As discussed in my last blog, we’re entering a new phase in public sector IT. The Cabinet Office now wants Government departments to buy services utilising the public. This has coincided with a move away from the Public Services Network (PSN) to more broadly adopting the internet. The security misperceptions that once plagued the public cloud have been embraced and mitigated, and the message is getting out that “On balance,” well-engineered SaaS and public cloud is better for security than the alternatives.
The starting pistol has been fired on public sector uptake of public cloud services, and now the hard work of migrating to these services must begin. But where do you start?
GDS cloud guidance
The Government Digital Service (GDS), which is spearheading the move to the cloud, has provided some useful guidance, which includes a 14 point plan on implementing cloud security principles. In this guidance, the GDS highlights the need for government departments to make risk-based decisions around the cloud implementations and to ensure that sensitive citizen data is kept secure from tampering, loss or theft. The GDS prefers a collaborative approach between the government department and service provider, where they work together against a clear governance framework to ensure the integrity of public services.
The cloud knowledge gap
However, despite GDS guidance and the Government’s Cloud-First strategy, public sector organisations may still struggle with cloud implementation. Many of them are still getting to grips with how cloud works, with a recent study showing that 36 percent of government workers haven’t yet used cloud services. Although this lack of knowledge creates a challenge for government agencies to move safely and efficiently to the cloud and navigate the principles laid out by the GDS, it is not insurmountable, provided they get guidance and support throughout the process.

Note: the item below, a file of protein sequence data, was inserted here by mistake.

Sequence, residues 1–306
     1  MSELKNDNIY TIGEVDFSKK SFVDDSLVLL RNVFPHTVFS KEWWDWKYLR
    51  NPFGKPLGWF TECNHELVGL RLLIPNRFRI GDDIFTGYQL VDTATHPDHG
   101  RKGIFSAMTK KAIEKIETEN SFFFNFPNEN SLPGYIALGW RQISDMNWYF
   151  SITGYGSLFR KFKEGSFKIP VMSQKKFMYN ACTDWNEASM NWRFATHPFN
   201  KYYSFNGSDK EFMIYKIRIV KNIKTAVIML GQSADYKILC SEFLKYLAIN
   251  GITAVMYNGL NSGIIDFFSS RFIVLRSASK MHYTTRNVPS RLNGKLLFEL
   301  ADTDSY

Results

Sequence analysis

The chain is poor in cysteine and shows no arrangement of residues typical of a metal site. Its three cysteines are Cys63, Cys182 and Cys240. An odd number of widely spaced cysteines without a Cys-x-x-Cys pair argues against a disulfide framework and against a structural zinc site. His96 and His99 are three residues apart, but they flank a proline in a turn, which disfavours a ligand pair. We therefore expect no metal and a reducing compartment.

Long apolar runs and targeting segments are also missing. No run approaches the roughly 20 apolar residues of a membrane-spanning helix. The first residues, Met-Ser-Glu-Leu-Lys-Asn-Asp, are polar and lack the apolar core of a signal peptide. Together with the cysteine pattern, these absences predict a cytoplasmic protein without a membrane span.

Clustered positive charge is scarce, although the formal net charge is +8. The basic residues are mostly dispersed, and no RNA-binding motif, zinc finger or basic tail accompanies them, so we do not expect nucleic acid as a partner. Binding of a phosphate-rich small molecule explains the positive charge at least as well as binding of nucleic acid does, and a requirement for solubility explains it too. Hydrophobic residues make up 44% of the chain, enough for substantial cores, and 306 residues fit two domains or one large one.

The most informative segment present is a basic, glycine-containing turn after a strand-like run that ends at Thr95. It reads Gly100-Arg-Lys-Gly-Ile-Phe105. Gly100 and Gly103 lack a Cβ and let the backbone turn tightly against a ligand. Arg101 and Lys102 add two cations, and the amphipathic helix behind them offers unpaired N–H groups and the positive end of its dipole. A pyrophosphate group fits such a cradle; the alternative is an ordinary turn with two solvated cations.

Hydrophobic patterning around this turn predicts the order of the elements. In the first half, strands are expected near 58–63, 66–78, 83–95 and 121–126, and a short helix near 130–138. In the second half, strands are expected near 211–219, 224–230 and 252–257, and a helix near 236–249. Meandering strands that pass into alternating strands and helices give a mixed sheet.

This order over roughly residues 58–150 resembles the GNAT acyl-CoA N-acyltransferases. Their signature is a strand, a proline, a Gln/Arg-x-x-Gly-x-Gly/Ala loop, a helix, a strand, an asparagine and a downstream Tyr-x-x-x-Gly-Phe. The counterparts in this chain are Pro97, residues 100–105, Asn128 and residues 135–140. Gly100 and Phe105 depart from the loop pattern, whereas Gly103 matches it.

As the GDS blog points out, not all data will be appropriate for the cloud, but there are different cloud solutions for the many different types of data; it is just a matter of finding the right solution to match the data. Government departments are ready to tap the cloud for the business agility, security and innovation that as-a-Service promises–but no two cloud journeys are the same. To do this, departments should look at how they can identify and manage cloud deployment models across Public, Private, Hybrid or Internal Dedicated. To guarantee a continuity of service for the public, it’s likely there’ll be a period where legacy services co-exist with their cloud replacements, so it’s essential that government agencies build robust migration plans.
Partnering to transform
Making this journey alone may feel daunting, therefore a successful migration may well be one made in partnership with an independent transformation partner, who is able to provide sound advice and migration and implementation support. Such partnerships will deliver the expertise and knowledge required by government agencies to realise the full benefits of the cloud. They’ll also be instrumental in creating the hybrid-cloud environments that’ll be needed to support the mix of on-premises, private cloud, Crown Hosting and public cloud that most departments will need.
With the right transformation partner, your journey to the cloud will be simple and will deliver immediate results.
Take an Accenture project as a case in point, which we undertook for one of the UK’s largest Central Government Departments. Following a full cloud application assessment, we analysed the offerings of leading public cloud vendors and determined the best fit for our client based on its business goals. Once our solution architecture, business case and delivery roadmap were accepted, we implemented the solution, leveraging the selected cloud provider. The client has seen an immediate saving in infrastructure costs of 80 percent.
One thing is now certain: Public cloud services are going to be of critical importance to public sector organisations. Our advice is to prepare yourself now for change and start investigating what your future cloud infrastructure should look like. Cloud will improve the delivery of public services, but you need to make sure you get your migration right.